20. The Prom

This episode is borderline silly; a classic season one “monster-of-the-week” save for one thing: the graduating school class reveals that they have not been entirely self-absorbed and clueless. They owe their lives to Buffy’s calling and they thank her for all that she has done in the past three years.

14. Bad Girls, 15. Consequences, 17. Enemies, 19. Choices

Throughout the second half of season three, the main storyline is Faith’s fall from grace. She has been a loose cannon since she arrived in town. The fact that she has all the power of a slayer, but no guidance and authority over, her has caused her to develop some bad ethical ideas. She begins to lead Buffy down this same path (after the events of “Helpless”) but Buffy comes to her senses when Faith mistakenly kills a man.

Whereas Buffy realizes she made a mistake, Faith decides to work for the Mayor as she sees his thinking is more in line with her own. Buffy and co. continue to try and redeem Faith until an elaborate sting reveals just how far she has gone towards evil.

The question that keeps coming back during this run is: why did they name this character Faith? It can’t be a coincidence, but the reason escapes me. The character ends this season in a coma, but will return later and undergo one of the most compelling character arcs in the Buffy-verse.

21, 22 Graduation Day

The mayor is one of the best villains in fiction. This is because he is such a paradox. He is an evil man bent on becoming a demon and destroying the town he set up 100 years before specifically for the purpose of supporting the demonic activity on the Hellmouth. Yet he is also a man seemingly stuck in the time of “Leave it to Beaver.” He is not just putting on a front; he really is the sort of person that believes in respect, family values and wholesome living. He is the ultimate example of the fact that outward appearances and behavior are no reflection of true character. Some of the worst people who have ever lived have probably been very legalistically religious.

When he turns, however, one is reminded once again of the similarities of Buffy and the original Doctor Who series. Both are high concept fantasy series that told stories years beyond their technical abilities. At times we are reminded that the art form being expressed here is more storytelling than television. (This is something that audiences are losing the ability to appreciate.) That being said, they really push the boundaries of suspension of disbelief in this case.

Here is a trailer that someone put together for the season. It is pretty well done and hopefully the people who own the material that was used will see it as a good promotion of their story. If not, it will be removed.

Monday, May 16, 2011

How To: Walk (Ephesians 4:25-32)

After Paul calls on believers to “walk in a manner worthy of their calling” by working to maintain unity, and by not behaving as they used to before they believed, he goes on to describe ways that the change of walk can be effected.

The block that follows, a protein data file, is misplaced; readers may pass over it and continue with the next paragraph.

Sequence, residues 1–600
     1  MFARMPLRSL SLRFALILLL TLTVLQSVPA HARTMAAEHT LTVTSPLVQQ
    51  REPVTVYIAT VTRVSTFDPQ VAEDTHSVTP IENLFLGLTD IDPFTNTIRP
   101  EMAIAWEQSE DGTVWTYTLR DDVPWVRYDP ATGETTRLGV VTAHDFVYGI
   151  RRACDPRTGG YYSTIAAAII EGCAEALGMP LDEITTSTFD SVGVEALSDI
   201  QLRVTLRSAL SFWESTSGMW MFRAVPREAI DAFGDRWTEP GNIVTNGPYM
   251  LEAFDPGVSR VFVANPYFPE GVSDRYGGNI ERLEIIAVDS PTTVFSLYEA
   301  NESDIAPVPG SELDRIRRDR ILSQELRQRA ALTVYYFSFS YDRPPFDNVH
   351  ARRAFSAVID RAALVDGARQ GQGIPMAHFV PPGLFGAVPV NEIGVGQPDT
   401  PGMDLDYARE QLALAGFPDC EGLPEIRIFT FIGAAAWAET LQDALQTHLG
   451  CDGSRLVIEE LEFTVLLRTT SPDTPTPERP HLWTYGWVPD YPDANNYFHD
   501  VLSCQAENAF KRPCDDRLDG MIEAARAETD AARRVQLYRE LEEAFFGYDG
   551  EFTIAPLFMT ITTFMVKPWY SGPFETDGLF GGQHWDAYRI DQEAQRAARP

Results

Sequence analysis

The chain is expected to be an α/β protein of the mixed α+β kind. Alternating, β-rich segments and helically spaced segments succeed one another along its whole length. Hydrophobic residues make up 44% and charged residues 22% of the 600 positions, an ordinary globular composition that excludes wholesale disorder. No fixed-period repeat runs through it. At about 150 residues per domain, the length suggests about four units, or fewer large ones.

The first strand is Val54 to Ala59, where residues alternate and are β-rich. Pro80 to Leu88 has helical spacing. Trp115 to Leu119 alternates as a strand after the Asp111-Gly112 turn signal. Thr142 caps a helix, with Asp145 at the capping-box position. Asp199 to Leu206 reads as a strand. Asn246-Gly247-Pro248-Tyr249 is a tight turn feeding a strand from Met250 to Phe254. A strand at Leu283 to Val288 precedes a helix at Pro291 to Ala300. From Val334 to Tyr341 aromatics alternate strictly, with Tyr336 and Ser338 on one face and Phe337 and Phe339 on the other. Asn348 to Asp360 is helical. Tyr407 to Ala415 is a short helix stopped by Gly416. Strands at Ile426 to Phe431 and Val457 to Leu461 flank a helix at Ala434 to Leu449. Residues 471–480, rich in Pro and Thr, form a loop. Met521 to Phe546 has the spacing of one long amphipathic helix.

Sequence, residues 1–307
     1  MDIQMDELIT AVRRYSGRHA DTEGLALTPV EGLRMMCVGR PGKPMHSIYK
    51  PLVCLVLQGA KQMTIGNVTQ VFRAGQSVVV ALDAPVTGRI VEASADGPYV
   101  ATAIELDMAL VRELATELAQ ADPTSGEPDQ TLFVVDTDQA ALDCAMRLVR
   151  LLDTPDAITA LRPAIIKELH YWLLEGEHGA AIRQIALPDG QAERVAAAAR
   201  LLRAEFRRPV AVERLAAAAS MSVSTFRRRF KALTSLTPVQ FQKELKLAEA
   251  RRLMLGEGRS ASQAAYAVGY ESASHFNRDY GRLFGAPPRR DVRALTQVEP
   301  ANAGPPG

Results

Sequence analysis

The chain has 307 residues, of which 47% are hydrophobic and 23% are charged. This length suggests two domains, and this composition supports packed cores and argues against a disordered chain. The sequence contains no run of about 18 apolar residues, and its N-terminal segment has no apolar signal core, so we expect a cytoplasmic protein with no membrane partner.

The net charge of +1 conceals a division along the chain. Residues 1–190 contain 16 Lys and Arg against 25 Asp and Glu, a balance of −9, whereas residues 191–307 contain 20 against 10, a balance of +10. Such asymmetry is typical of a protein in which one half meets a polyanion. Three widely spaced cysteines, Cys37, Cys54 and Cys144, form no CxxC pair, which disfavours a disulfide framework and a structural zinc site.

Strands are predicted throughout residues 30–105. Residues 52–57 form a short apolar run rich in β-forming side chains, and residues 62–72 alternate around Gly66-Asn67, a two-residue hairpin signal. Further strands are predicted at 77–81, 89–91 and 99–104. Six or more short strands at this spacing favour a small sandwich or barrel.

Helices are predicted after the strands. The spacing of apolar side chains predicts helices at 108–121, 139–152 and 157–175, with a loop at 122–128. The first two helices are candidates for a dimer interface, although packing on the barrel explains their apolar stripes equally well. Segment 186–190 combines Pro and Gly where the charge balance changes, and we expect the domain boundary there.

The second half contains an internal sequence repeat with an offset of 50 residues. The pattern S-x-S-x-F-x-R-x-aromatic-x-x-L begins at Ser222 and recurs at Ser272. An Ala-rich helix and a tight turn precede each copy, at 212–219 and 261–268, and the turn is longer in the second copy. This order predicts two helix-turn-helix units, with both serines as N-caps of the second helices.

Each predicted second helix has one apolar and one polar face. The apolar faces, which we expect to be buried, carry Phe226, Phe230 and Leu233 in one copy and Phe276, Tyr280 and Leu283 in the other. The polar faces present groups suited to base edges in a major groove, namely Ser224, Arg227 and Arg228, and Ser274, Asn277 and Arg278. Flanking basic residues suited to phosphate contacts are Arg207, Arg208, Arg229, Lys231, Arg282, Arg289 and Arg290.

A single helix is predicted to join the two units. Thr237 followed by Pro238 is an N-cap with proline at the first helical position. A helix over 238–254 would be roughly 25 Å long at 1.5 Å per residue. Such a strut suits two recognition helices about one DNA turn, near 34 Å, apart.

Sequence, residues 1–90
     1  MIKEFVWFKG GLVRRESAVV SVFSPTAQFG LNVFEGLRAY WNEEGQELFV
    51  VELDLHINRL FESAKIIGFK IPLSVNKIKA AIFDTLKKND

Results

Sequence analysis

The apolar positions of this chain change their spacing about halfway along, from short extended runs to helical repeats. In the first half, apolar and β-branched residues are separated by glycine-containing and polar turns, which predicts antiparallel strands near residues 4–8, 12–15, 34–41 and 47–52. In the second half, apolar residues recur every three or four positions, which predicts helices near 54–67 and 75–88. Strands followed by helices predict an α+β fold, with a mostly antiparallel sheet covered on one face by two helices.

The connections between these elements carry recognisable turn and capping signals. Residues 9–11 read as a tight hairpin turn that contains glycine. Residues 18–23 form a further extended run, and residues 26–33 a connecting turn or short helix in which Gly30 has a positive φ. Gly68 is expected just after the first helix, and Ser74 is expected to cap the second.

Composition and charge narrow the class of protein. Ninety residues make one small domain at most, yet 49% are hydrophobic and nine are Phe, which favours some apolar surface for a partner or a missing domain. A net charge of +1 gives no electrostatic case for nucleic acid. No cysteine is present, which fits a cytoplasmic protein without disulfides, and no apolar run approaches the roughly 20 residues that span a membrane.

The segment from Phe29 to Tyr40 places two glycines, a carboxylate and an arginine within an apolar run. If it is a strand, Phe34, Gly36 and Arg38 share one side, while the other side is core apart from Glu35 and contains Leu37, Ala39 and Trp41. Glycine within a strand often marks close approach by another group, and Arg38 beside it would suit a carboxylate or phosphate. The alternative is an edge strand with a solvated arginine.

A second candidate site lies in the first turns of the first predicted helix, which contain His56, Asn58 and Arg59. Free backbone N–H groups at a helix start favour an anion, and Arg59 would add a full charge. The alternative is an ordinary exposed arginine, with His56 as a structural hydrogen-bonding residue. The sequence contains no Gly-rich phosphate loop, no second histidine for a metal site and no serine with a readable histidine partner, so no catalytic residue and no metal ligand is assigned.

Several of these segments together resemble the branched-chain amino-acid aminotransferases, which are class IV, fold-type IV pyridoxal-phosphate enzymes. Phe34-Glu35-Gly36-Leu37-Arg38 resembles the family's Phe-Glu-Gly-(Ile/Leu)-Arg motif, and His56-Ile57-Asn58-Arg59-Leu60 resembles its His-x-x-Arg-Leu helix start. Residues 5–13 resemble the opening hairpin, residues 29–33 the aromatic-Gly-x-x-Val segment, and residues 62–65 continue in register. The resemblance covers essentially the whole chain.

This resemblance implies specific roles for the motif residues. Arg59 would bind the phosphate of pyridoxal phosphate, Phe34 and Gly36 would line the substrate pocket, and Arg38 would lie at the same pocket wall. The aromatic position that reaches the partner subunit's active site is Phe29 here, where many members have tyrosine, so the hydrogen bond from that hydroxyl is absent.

Do not lie to one another.

When you are angry, do not allow your anger to cause you to do wrong.

Work so that you have things that you can share with the needy.

When you speak, build each other up.

Remember that God is always you, and do not do things that would cause Him grief.

Avoid bitterness, wrath, slander and malice.

This sounds like a list of rules, which is strange coming from Paul. However, we need to remember that Paul never argues against a standard of behavior. He simply reminds us that our lifestyles and efforts do not help us attain anything from God. Once we have a relationship with God, it is only natural that we will desire to live life in a way that pleases Him. Therefore, while we are free from the law and its judgment, we still want to live life like a child of God. We want to walk like the people we have become.

The above list is less a set of rules and more a description of behavior befitting a person who has been changed by the grace of God. It should come “naturally” but it does require an amount of discipline and awareness on our part, considering the environment in which we live.

Saturday, May 14, 2011

1997 in Film

Not a good year for film. Out of the 50 or so films that I have seen from 1997, it was hard to come up with a true top ten. Titanic dominates our memories of 1997 in film, and that pretty much tells you all you need to know.

Top Ten Personal Films of 1997:
1. Contact
2. The Fifth Element
3. L.A. Confidential
4. Austin Powers
5. Men in Black
6. Gattaca
7. Fools Rush In
8. Tomorrow Never Dies
9. Scream 2
10. Breakdown

Bottom or Most Disappointing Films of 1997:
-5. As Good as It Gets
-4. Addicted to Love
-3. The Night Flier
-2. Batman & Robin
-1. Good Will Hunting

Films I Still Have to See:
The Spanish Prisoner

Friday, May 13, 2011